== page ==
Side Dish

Choucroute month and menus with meaning

In gastronomy, there are numerous prestigious awards, but none comes close to the celebrated status of being inducted in the "Choucroute Halles of Fame,"as the Coral Gables-based national magazine The Wine News founder and publisher Tom E. Smith recently discovered. Brasserie Les Halles owner Philippe Lajaunie established the annual award in order to acknowledge those individuals whom he calls "ambassadors" of Alsatian food and wines. Feted with the traditional Alsatian dish choucroute garnie (white veal sausages, smoked pork breast, and sauerkraut cooked in Pinot d'Alsace white wine and flavored with juniper berries), in the company of like-minded local media and diplomatic representatives from Alsace, Smith called the award "a pleasure and an honor." What's even more of a pleasure is that the ceremony kicks off "choucroute month" at the restaurant, where several versions of the tangy classic, including one made with seafood sausage, salmon caviar, monkfish medallions, sea scallops, and smoked herring, are being offered throughout February. Pickled cabbage and the month of Hallmark love -- could there be a better combination?

If you think vintage fashion is fun, wait till you try vintage fare. At Bizcaya Grill, restaurant chef Willis Loughhead has debuted an innovative menu concept -- what he is billing as "a new taste from the past" -- based on culinary trends from former decades. But like a good designer, he's updated them to make them palatable to today's discerning clientele. So while he might be offering traditional escargot en croute, he's also adding fresh Turks and Caicos baby conch to the mix. You like clams casino and veal Oscar? Try them Loughhead's way: the former comprising Long Island oysters and Manila clams, the latter topped with stone crab and white asparagus. The pièce de résistance just might be duck á l'orange, presented as a blood orange-glazed leg confit with crispy skin magret breast and Grand Marnier duck liver mousse. You see? This is not your mother's beef Wellington -- especially since Loughhead's version is made with wild salmon.

In other debut news, the Delano has opened Blue Sky, a poolside bistro serving Mediterranean-style tapas such as fried picadillo peppers stuffed with goat cheese or Serrano ham with olive bread and spiced apple chutney, and main courses including homemade linguine with arugula pesto or grilled sausages like chorizo and merguez. Just don't think you'll be buttering yourself along with your lobster or soaking up the sun while you eat your way through marinated grilled shrimp entrée with its tamarind and citrus notes. The bistro is dinner-only, open from 5:00 to 11:00 p.m., which means you'll most likely be supping after sundown. At least until the summer, that is. Hurry up with that time change!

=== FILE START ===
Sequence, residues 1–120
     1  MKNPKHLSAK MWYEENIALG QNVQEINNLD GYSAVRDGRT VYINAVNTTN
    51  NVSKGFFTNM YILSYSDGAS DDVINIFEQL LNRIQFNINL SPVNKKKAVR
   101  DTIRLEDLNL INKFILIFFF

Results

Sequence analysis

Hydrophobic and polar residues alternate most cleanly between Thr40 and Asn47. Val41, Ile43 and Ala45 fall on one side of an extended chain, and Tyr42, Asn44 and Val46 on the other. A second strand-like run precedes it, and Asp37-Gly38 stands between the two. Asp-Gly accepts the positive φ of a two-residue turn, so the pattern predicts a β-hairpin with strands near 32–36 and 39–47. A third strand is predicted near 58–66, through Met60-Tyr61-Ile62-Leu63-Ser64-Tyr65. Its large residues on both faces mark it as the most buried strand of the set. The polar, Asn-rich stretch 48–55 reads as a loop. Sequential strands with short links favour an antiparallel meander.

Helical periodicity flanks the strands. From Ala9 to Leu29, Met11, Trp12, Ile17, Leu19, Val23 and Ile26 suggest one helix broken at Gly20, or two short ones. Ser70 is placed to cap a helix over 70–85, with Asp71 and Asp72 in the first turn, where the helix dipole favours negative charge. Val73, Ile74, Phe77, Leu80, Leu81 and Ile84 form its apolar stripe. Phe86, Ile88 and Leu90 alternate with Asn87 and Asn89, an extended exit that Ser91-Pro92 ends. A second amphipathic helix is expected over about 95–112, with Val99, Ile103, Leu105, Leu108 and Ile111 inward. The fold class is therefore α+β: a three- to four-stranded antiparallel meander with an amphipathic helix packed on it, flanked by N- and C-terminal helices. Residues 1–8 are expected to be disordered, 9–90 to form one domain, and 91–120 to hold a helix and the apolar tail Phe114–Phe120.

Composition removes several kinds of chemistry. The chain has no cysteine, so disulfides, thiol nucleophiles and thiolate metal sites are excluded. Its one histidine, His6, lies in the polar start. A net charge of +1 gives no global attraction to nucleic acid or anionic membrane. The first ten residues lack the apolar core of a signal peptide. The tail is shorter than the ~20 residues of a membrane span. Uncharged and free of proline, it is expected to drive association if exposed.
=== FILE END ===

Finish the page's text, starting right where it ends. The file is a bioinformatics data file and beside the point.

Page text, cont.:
Date book: Get ready, get set, go mark your calendars. A couple of the following dinners are charity ops and the like, so you can feel good about yourself while you indulge. The others are just good-sounding; who really needs an excuse anyway?

February 12: Titanic Brewery & Restaurant is serving the five-course winter "brewmaster dinner," pairing brews with dishes from New England. Yup, we're talking items like smoked salmon mousse on Boston black breador Ogunquit broiled scallops with Vermont baked beans, matched with Shipyard Winter Ale and Shipyard Old Thumper Special Ale, respectively. Sound heavy? Before you decide, skip to the end -- it's not often you'll get a chance to spoon up a New England cranberry-maple walnut sundae while you sip Titanic Old Gnarly barley wine. Tickets: $39. Info: 305-667-2537.

February 16: Restaurant One Ninety is participating in the month-long "Menus with Meaning," a national culinary promotion designed to benefit the education and advancement of females in the restaurant industry. Chef Alan Hughes will be presenting a three-course meal; Sterling will provide the wines. Tickets: $120. Info: 305-573-7828; www.womenchefs.org.

February 29: Café Sambal is celebrating its second installment of the 2004 "Family Dinner Series," which highlights the various gastronomically inclined regions of the Far East. Served family-style, this month's meal focuses on Canton, the legendary city that in the past lent its name to really bad American-Chinese restaurants all over the country. Fortunately Sambal chef Paul Miller's culinary wizardry promises to eradicate all misconceptions. Tickets: $40 (adult); $24 (children ages 5-12). Info: 305-913-8251; www.mandarinoriental.com.

March 9: At Carmen the Restaurant, chef-proprietor Carmen Gonzalez is honoring her Chef Carmen Cooks for a Cure pledge to raise, oh, about a million bucks for cancer research. She and Martha de Cespedes are co-hosting a luncheon at the restaurant, from which a portion of the proceeds will benefit the Braman Family Breast Cancer Institute at University of Miami Sylvester Comprehensive Cancer Center. The meal will feature the wines of Arrowood and models wearing Victoria diNardo's couture collection of hats. Feel free to indulge both the appetite and the bad hair day -- after all, your head never gains weight. Tickets: $100. Info: 305-913-1944. -- Jen Karetnick

 
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